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Malcolm's Market Eye, June 26, 2007

The UK stockmarket took a tumble after Bank of England governor, Mervyn King, forecast a financial melt down as the lax credit boom continues. He singled out the banks for foolhardy lending to private equity specialists to finance mega deals and hedge funds that accommodate massive risk exposure to a market collapse.

The UK stockmarket took a tumble after Bank of England governor, Mervyn King, forecast a financial melt down as the lax credit boom continues. He singled out the banks for foolhardy lending to private equity specialists to finance mega deals and hedge funds that accommodate massive risk exposure to a market collapse.

The market has continued to retreat since the bloodbath on June 21, shedding further points to hit 6,567 as measured by FTSE 100 Index, although there is evidence of a muted recovery to 6,588 as the UK market tracks a recovery on Wall Street.

We are likely to see a further one-quarter of 1 per cent hike in UK interest rates to 5.75 per cent in July and the continued erosion of the love affair between Britons and their credit cards. Big supermarkets like Sainsburyís are already warning of customers tightening their belts on the spending front ñ along with zipping up their purses.

The marketís reluctance to accept any unexpected changes showed up as Phytopharmís share price dropped GBP5.5p to 53p in reaction to the appointment of Alistair Taylor as non-executive chairman, to replace Dr Paul Whitney. Currently, the pharma sector is seen as defensive towards investors thanks to the existing market turmoil. Even GlaxoSmithKline (GSK), which is still suffering from claims that Avandia, its diabetes drug, is linked to an increased risk of heart attacks in patients taking the drug ñ is seeing some bottom fishing buying by speculators, which has lifted the share price off its low point for the year to GBP12.98

Money in the coffers at Minister

Minster Pharmaceuticals announced a pre-tax loss of GBP2.74m for the year to March 31, 2007 as against a loss of GBP1.81m for the previous year and broker Nomura does not expect to see any revenues flowing in until 2011. With GBP16.4m in its coffers, Minster has the ability to carry out the important phase II trial on its drug, Tonabersat, for treatment of migraine. Minsterís cash burn was GBP3m last year and should double in 2007.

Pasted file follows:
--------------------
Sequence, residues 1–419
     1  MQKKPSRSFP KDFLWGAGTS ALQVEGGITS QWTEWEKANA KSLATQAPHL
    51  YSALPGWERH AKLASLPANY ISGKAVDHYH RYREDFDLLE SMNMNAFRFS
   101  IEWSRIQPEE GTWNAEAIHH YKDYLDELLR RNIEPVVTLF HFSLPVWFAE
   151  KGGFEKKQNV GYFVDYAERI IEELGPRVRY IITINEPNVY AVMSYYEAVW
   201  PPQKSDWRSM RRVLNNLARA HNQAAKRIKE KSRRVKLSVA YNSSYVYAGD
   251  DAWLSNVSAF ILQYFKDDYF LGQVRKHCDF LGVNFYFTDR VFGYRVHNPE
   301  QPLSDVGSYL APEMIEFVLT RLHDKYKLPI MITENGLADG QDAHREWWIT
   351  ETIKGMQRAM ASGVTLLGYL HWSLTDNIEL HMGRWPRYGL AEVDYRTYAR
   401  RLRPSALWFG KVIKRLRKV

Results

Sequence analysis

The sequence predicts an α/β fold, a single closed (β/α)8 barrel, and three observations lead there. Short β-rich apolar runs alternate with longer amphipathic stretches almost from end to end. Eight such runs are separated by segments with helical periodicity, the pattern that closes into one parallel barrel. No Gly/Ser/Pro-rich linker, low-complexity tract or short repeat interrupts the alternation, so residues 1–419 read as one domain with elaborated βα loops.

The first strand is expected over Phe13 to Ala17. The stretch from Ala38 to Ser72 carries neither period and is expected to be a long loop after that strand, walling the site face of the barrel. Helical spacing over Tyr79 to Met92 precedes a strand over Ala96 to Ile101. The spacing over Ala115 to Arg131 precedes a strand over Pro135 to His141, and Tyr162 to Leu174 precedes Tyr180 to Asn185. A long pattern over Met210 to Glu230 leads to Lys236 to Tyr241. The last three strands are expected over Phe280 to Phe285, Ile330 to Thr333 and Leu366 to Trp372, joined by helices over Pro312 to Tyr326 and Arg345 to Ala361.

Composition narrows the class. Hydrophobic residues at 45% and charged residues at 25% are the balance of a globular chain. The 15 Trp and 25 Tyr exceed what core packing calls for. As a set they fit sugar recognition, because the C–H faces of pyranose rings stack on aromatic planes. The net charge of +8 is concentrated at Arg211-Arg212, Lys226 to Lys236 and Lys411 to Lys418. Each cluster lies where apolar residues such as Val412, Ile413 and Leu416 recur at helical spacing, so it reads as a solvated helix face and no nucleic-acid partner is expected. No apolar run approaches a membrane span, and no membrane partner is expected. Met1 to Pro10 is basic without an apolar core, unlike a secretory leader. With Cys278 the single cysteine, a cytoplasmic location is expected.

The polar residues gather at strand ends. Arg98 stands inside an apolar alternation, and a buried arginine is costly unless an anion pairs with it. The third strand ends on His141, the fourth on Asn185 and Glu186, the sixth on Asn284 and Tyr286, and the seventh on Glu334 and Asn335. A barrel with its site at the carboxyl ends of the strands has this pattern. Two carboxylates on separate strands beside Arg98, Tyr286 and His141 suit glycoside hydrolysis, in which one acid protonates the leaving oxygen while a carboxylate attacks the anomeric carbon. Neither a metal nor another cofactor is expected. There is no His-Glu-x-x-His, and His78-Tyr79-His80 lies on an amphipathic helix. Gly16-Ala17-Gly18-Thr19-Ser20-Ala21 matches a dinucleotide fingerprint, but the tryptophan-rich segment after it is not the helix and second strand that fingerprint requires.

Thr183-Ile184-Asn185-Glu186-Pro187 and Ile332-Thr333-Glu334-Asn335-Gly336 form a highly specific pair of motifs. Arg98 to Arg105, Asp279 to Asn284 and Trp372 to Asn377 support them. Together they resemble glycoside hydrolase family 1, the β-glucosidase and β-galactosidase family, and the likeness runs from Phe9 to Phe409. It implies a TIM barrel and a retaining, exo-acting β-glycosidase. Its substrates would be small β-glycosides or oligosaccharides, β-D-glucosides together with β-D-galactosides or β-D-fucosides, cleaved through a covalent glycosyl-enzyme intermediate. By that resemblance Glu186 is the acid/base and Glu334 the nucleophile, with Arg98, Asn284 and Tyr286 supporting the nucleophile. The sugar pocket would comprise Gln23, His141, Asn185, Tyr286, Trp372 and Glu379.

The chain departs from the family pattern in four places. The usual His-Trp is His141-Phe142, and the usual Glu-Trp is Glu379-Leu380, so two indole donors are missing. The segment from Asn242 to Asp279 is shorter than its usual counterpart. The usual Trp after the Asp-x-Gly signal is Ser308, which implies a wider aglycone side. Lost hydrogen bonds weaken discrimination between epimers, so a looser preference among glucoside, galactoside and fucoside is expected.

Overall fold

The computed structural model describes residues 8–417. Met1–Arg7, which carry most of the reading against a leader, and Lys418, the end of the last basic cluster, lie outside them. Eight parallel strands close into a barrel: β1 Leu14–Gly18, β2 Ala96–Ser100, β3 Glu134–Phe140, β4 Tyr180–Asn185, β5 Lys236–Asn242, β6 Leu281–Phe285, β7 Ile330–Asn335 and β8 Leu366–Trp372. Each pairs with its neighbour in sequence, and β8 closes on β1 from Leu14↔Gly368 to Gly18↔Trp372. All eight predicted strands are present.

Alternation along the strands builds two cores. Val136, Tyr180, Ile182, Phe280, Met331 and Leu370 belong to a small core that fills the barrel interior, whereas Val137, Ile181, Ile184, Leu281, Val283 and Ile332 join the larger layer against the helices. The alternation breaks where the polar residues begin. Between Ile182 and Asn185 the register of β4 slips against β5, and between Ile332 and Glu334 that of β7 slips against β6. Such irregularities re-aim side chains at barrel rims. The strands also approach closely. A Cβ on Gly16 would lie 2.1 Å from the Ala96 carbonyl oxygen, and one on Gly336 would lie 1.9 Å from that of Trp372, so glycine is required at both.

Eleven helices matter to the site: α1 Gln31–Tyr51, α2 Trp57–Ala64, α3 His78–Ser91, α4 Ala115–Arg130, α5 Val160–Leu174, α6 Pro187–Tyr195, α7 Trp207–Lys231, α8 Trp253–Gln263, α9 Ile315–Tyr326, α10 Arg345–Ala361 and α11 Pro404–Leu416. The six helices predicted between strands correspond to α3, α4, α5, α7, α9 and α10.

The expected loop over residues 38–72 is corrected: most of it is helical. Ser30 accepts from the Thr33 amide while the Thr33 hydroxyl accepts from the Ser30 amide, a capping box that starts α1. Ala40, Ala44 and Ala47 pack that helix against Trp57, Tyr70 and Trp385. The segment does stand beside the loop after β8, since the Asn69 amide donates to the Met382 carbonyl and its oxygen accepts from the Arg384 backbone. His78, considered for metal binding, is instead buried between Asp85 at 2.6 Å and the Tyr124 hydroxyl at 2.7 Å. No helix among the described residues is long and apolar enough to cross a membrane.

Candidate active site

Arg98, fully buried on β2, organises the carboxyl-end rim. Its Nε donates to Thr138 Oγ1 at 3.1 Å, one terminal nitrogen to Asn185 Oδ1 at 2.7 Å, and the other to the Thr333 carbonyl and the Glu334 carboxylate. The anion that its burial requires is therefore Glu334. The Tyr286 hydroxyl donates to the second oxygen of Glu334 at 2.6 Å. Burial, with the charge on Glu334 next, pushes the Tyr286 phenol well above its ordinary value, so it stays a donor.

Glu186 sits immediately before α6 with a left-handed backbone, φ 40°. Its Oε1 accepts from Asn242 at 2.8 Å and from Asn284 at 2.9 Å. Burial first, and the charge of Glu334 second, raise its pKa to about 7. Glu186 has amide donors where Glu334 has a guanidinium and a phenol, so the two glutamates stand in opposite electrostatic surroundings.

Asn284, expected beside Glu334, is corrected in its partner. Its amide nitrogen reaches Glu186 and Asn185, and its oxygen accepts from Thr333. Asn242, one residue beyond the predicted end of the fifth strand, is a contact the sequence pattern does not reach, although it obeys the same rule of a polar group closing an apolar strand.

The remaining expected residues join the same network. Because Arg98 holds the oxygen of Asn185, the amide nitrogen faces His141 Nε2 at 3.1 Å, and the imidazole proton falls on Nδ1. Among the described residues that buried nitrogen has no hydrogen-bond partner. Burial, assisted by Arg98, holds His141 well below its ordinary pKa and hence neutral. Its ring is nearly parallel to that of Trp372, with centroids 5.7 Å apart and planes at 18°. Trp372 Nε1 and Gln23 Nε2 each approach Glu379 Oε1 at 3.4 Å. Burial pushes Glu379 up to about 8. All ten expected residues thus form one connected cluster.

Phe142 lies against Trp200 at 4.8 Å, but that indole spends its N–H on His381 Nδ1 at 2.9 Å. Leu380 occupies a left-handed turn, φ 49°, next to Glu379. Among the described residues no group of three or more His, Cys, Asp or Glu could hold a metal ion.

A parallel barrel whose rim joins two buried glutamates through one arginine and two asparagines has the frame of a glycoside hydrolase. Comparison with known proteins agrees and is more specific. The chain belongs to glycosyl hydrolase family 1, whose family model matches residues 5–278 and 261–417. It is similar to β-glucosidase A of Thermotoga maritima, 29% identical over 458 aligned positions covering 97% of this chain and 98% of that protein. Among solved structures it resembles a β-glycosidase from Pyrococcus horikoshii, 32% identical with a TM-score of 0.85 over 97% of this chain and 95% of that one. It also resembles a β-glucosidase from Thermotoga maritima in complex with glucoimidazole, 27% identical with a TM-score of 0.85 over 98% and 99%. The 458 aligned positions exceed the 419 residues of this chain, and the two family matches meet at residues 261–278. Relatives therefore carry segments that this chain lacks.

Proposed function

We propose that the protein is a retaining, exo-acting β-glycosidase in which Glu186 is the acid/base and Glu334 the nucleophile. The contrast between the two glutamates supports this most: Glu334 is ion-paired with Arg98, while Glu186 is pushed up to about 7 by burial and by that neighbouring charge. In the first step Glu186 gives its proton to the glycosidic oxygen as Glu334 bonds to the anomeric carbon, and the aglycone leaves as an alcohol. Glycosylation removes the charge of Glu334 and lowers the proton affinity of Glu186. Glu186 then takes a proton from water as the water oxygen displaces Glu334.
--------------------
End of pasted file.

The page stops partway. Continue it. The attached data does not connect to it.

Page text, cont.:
Tonabersat is a new type of drug known as a gap junction blocker. Its main competitor on the market is a treatment for epilepsy, Topamax, made by Johnson & Johnson, which also used for the treatment of migraine, and yields yearly sales of over USD1bn.

Tonabersat is to be tested on no less than 500 patients, with the trials starting in three months time in Canada and the US, with results expected by November 2008. By 2009, Minster plans to file Tonabersat with US regulators, possibly with a partner.

Another potential winner in the Minster stable is Sabcomeline, a drug for schizophrenia and associated cognitive decline. There is a possibility that combining Sabcomeline with existing schizophrenia drugs may slow down the psychotic consequences of schizophrenia.

 

GW Pharma gets green light for Sativex
GW Pharma has been given a Qualifying Notice in Canada to launch its leading drug, Sativex. The company already has approval for Sativex for the treatment of multiple sclerosis and full approval in Canada now looks a foregone conclusion. Such a move would provide GW with a potential foothold in the US, where the firm has signed a deal with Otsuka, which could see the Japanese firm bear all the costs of the US development activities for Sativex, plus financial support for a range of additional R&D.

GW Pharma is also concentrating on getting Sativex approved in Europe to treat multiple sclerosis and success on this front would strengthen the firmís share price as it would be seen as a major advance. With GBP26m in front end fees and USD376m of prospective milestone payments the future for Sativex looks rosy.

Revlimid gets EMEA go-ahead
The European Medicines Agency (EMEA) has given the green light to Revlimid, which is said to double the survival rate of patients with myeloma. EMEA marketing approval for Revlimid is for use with standard combination therapy, dexamethasone, in patients who have received at least one earlier treatment.

Goldshield agrees deal with NHS
Goldshield, the pharmaceutical group, spurted ahead by nearly GB31p to GB218p on news that it has agreed a GBP4m deal with the Department of Health over alleged price fixing of medicines, without admitting any liability.

 

Malcolm Craig is a freelance financial journalist and author of 14 books on successful investment.

27th June 2007

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